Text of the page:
Display advertising has been around for years. 

In fact, the first banner appeared over two decades ago. As the number of ad slots grew, supply outstripped demand. The static method of selling ad inventory became unwieldy for publishers. 

At the same time, the way ads were viewed by internet users underwent something of a revolution with the rise of social, mobile, video and over-the-top messaging services. As a result, the process for buying placements quickly evolved – commercially and technically. 

By 2007 demand-side platforms such as AppNexus and MediaMath were launched. 2011 was the year when programmatic ad buying went mainstream. These new platforms allowed adverts to be targeted by audience rather than just category or context. Since then it has primarily been used as a ‘solus’ communication channel for branding or acquisition, often relying on weak targeting data and unproven online models. 

Low rates

A speaker at the recent Programmatic IO Conference said that there is a lack of transparency between media agencies and their clients, who are often confused by ad tech, calling it: “murky at best, non-understandable at worst.”

In many cases, experience and poor practice are also typified by not excluding existing customers from acquisition campaigns. All this leads to low conversion rates. It’s not just the wasted media spend but also a sub-optimal experience for customers.

Online data does not tell the whole story. Most of us do things offline too – like going into shops, using kiosks and turning up at events. First-party data from real customers gives the fullest insight into the customer journey. Just looking at online behaviours is to miss a trick. The best customer communications are based on all-brand engagements, as well as any available second- and third-party triggers. Programmatic can deliver this.

Some brands have begun to use more sophisticated programmatic techniques as part of customer life-cycle communications. This is still very much the exception rather than the norm. Even though the benefits of CRM-led data buying are becoming clearer, the potential of programmatic advertising has yet to be realised. There are a number of reasons for this:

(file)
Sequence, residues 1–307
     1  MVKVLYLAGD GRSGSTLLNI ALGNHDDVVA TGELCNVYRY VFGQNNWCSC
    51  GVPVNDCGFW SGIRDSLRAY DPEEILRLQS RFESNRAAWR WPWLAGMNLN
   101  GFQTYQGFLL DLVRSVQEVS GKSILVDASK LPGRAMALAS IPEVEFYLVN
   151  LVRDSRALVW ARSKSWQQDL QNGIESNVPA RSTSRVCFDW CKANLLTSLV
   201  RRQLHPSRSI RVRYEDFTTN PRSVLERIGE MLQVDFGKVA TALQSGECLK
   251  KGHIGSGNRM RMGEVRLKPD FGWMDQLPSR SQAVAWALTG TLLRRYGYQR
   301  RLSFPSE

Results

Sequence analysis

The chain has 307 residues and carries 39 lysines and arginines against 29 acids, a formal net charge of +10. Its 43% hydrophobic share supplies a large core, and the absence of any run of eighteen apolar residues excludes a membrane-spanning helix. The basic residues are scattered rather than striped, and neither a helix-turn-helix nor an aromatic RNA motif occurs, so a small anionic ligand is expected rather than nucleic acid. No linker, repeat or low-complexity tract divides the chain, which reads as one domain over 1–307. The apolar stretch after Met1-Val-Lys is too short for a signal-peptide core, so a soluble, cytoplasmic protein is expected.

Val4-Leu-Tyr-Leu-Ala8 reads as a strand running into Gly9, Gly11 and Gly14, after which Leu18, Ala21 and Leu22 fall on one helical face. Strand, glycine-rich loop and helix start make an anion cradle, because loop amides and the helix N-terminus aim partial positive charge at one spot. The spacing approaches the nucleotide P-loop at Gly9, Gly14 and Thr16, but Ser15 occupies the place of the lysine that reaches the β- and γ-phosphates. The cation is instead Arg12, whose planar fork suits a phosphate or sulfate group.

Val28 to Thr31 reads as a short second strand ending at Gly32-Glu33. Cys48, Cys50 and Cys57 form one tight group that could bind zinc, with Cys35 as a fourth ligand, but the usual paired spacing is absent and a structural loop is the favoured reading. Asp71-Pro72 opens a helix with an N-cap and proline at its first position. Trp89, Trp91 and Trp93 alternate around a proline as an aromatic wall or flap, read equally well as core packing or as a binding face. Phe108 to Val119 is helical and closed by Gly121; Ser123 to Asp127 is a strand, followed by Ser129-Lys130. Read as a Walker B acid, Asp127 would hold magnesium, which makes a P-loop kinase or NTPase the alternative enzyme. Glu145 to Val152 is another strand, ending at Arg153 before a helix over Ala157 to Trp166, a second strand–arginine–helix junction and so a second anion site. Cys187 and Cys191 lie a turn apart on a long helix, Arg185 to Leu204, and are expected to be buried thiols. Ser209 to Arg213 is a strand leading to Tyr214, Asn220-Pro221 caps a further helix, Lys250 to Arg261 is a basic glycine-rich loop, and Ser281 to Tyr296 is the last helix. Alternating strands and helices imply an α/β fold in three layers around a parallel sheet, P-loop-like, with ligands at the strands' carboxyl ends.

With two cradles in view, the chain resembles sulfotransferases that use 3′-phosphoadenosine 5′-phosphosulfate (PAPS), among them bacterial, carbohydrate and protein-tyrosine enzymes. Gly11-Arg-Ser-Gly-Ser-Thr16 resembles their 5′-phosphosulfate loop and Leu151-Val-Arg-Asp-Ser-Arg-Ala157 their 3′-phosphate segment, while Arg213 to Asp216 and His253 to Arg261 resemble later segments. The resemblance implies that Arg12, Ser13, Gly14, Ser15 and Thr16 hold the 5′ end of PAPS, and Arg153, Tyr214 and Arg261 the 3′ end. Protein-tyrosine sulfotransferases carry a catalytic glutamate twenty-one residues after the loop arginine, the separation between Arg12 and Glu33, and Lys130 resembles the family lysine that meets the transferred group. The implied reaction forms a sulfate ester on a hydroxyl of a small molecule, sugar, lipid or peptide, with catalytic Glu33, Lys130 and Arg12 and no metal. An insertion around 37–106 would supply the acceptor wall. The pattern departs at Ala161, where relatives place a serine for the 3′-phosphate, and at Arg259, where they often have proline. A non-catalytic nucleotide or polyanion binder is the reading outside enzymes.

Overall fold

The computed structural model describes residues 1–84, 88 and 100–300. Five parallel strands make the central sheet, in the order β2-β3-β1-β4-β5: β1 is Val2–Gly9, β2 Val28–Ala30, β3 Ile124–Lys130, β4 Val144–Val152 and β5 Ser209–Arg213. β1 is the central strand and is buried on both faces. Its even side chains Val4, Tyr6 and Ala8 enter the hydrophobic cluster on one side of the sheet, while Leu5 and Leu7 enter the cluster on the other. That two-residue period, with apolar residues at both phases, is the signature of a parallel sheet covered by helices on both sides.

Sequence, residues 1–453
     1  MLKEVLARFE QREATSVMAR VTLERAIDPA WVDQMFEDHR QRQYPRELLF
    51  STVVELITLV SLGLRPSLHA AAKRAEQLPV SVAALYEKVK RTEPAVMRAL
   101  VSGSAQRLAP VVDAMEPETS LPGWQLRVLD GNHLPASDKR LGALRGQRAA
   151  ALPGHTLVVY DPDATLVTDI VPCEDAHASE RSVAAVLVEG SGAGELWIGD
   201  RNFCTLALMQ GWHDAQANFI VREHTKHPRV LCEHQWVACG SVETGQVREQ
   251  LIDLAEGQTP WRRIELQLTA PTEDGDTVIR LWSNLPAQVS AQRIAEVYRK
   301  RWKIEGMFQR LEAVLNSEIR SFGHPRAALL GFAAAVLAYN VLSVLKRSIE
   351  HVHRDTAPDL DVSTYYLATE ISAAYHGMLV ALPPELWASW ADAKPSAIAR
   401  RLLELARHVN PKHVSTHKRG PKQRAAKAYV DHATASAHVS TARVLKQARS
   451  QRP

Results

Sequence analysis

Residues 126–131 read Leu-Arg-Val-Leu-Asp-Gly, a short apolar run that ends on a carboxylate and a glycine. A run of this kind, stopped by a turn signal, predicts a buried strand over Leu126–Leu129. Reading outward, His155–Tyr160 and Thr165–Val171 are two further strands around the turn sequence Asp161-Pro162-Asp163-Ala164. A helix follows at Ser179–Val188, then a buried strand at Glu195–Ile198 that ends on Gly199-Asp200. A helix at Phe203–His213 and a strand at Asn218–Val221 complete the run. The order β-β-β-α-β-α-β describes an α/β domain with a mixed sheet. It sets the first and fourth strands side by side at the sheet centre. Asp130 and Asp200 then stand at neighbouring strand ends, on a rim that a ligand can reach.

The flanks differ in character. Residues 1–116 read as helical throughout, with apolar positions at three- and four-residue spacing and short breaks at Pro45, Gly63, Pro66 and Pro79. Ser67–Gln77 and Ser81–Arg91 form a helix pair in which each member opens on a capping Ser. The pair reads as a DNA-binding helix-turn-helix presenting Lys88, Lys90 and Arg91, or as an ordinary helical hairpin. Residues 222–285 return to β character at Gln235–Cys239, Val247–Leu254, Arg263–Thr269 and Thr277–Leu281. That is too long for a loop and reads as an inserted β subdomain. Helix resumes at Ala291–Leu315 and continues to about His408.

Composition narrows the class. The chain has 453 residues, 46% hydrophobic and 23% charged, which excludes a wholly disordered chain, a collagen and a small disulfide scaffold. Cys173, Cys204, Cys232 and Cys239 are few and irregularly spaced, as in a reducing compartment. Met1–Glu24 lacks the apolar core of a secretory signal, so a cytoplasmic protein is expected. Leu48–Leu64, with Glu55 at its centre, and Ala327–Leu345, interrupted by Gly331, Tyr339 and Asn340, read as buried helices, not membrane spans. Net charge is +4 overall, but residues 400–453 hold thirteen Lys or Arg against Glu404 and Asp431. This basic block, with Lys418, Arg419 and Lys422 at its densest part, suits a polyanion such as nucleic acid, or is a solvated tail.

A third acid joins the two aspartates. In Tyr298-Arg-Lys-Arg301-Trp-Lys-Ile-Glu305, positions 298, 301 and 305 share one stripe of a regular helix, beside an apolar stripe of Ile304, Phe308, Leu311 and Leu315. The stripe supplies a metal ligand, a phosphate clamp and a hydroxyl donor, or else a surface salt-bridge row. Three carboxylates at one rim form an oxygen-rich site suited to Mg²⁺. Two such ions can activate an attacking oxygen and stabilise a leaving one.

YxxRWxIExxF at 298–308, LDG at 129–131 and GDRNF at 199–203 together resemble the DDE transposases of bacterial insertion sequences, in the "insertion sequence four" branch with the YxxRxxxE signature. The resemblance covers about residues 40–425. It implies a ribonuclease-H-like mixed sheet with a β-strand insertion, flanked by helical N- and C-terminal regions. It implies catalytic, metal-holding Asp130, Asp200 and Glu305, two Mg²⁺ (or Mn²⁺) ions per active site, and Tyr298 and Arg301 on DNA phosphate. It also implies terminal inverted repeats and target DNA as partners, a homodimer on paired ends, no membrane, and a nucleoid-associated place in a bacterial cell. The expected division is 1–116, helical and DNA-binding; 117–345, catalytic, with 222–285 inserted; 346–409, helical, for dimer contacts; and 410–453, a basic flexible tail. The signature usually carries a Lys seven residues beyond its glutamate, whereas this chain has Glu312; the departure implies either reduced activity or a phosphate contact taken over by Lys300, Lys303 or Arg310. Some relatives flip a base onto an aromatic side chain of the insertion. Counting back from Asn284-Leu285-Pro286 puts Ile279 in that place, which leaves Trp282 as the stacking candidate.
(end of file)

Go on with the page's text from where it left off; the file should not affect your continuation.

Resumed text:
Programmatic not well-understood outside media buying circles

Media agencies do not understand the power of individual level (CRM) data. Database agencies have not grasped the principles of programmatic media buying – two worlds in blissful isolation. And it’s not just at the trading desk exec level – senior management comprehension can also be a hurdle. If they have not been exposed to this arena, some education might not go amiss.

The multi-disciplinary skills required don’t exist in one place

The knowledge and experience required to design and bring to bear a customer life-cycle communications programme requires skills from the CRM and media planning/buying domains. The discipline of the traditional direct marketing campaign process is just what is needed to deliver the programmatic of such campaigns – counts, selections, exclusions and testing with control and non-contact cells.

Customer data is firewalled from the media ecosystem

Customer data is typically held in a database agency or in an in-house IT department – well out of reach of media agencies. Media planners have no access to CRM insights – audience profiles, targeting models and customer segment counts. They have to create their own assumptions about buyer markets based on previous experience and perhaps market research panels.  

Integration between platforms and providers is becoming easier by the day. The process of providing encrypted personally identifiable information (PII) via methods such as hashed emails is quick to implement, yet secure. 

Across the industry, agencies have recognised this and are working with clients and their media agencies to span the chasm between CRM data and media planning/buying to create a seamless process for using programmatic advertising as part of BAU CRM campaigns.

Two streams

Merging the rigour of data with the magic of creative can help bring a brand’s distinctive offering out into a new domain. Providing the opportunity to stimulate more insight-driven engagements with customers across the life-cycle, it has all the ingredients to drive better experiences. What brand and agency-side marketers need to ensure is that they have the infrastructure in place to successfully combine new streams of CRM data with the ability to reach the right customers at the right time.

If successfully managed, combining these two streams of data will help to build brand differentiation, which is hard for competitors to erode.